The Fresno County Democratic Central Committee has not endorsed any candidate in this race.
Hello and thank you for the support! It means a ton to us.
This weekend was a lot of fun. We started in Seattle where we were greeted by a crowd of thousands.
The rally in Seattle was enormous on a beautiful day. We made the evening news, which is always great. I enjoy the thought of people turning on their evening news and seeing a crowd of thousands of their neighbors rallying for the Freedom Dividend and a more human economy.
The YangGang has been strong in Seattle from Day One. It may be because Seattle itself is being transformed by the advent of technology. Housing costs have skyrocketed in certain areas. A friend of mine who works at Amazon said, “It’s no secret that we are trying to make our own jobs obsolete. Management doesn’t pretend otherwise.”
A neuroscientist in Seattle said to me, “We need Universal Basic Income in the worst way. The biggest obstacle is the human mind.” He meant that we are wired for resource scarcity. He’s right. Moving people toward abundance is both our greatest challenge and opportunity.
Next, it was on to Detroit, which has been on the receiving end of automation. It was the epicenter of hundreds of thousands of manufacturing jobs that have disappeared. Its population has declined from 1.8 million to less than half that.
I have spent a lot of time in Detroit—I’ve been there every year since 2011 with Venture for America. The city has made a lot of progress since then. We drew hundreds of people to the Detroit Shipping Company. Among the people I met there were Lacey, a truck driver who sees what is coming down the pike, and Derek, a military vet who has become an activist for mental health issues.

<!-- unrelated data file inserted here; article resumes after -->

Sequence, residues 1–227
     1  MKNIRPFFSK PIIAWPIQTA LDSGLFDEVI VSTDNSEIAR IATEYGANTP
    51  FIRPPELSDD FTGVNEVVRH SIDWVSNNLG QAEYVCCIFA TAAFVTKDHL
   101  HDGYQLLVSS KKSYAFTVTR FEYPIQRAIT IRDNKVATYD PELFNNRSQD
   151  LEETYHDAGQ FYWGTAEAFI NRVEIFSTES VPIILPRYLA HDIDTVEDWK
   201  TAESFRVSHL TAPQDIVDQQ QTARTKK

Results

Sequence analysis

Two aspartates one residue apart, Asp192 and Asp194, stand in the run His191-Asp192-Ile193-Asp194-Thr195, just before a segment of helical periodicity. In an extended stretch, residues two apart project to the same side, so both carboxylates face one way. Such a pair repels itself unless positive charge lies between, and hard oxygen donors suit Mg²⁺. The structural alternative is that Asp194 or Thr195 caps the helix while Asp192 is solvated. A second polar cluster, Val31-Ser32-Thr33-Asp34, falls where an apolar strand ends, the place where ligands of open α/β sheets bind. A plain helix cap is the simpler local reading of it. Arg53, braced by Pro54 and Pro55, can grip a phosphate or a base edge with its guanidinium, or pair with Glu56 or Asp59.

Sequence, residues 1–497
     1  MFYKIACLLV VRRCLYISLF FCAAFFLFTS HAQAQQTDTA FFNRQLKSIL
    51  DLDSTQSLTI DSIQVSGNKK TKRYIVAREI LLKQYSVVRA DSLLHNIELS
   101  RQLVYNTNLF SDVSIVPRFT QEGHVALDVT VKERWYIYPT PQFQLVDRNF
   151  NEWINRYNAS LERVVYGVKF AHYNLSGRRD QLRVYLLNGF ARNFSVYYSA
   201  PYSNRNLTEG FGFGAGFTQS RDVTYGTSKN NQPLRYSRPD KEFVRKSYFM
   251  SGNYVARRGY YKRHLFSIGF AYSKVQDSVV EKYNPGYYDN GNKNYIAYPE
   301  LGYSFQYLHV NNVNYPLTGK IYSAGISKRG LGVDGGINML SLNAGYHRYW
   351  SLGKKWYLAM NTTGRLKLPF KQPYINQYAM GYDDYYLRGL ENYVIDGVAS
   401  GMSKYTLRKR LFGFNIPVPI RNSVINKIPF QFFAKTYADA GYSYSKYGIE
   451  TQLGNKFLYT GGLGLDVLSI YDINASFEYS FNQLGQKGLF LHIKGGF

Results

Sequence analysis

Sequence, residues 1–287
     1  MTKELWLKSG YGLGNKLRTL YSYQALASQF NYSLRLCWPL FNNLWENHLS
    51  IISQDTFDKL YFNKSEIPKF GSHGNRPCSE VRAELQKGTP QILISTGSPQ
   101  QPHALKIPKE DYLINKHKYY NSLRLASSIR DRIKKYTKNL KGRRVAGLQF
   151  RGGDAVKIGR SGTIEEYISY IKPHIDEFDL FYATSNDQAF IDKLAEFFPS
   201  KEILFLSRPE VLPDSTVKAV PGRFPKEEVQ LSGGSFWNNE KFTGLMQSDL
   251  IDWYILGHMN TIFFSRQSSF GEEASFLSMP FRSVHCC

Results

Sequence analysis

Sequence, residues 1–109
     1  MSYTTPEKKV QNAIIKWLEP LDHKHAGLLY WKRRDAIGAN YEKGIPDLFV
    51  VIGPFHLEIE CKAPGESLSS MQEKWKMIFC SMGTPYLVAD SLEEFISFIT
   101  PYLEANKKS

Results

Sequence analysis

I learned a lot from the people of Detroit over the years. They have been doing the hard work building up their neighborhoods and communities. Some people regard Detroit as a symbol of America’s industrial past—it is more accurately an emblem of America’s future as our economy continues to transform. Many towns and communities in the Midwest will increasingly resemble Detroit if we automate truck driving and the trucks don’t need to stop anymore. As Derek said, “It’s incredible what we let happen to Detroit. Half the suburbs in this country are going to look like Detroit if we don’t do something about it.”
One issue that is common to Detroit and many other communities—urban blight. It is expensive to tear down buildings properly. If a municipal budget goes down, it becomes almost impossible to remove derelict buildings that then bring down property values and become havens for crime. Detroit alone has about 30,000 derelict homes and buildings, with 30,000 more on the edge of abandonment. One thing that I will do as President is commit Federal funds to a domestic infrastructure force that can help communities clear out or repurpose derelict buildings for redevelopment. We need to become better at helping communities reconfigure themselves in the new economy. It will also create work in many environments.
We will be back in Detroit for the DNC debates in July, and I’m excited for it.
On Sunday, it was on to Minneapolis. The #YangGang there is strong—1,000 people came out to Boom Island Park. Minnesota has been a blue state for a while, but recently it has become more competitive as many rural voters went to Trump. Minneapolis is something of the progressive haven in the state. I talked about why the folks in other parts of the state seem to be increasingly distressed. They see an economy that doesn’t work for them or their kids as rural areas become more depleted and main street stores close.
Minnesota votes early in the primaries on Super Tuesday in March. Also of note—Minneapolis is only 2 hours from the Iowa border. If the #YangGang gets excited enough, we could draw people from Minnesota to campaign in Iowa ahead of the caucuses. We will come back to Minneapolis—St. Paul for sure; I enjoyed the heck out of it.
It was invigorating to see so many Americans pumped up about me and the campaign all over the country. We can make the changes that we seek together if we wake up our fellow citizens to the power that we collectively wield.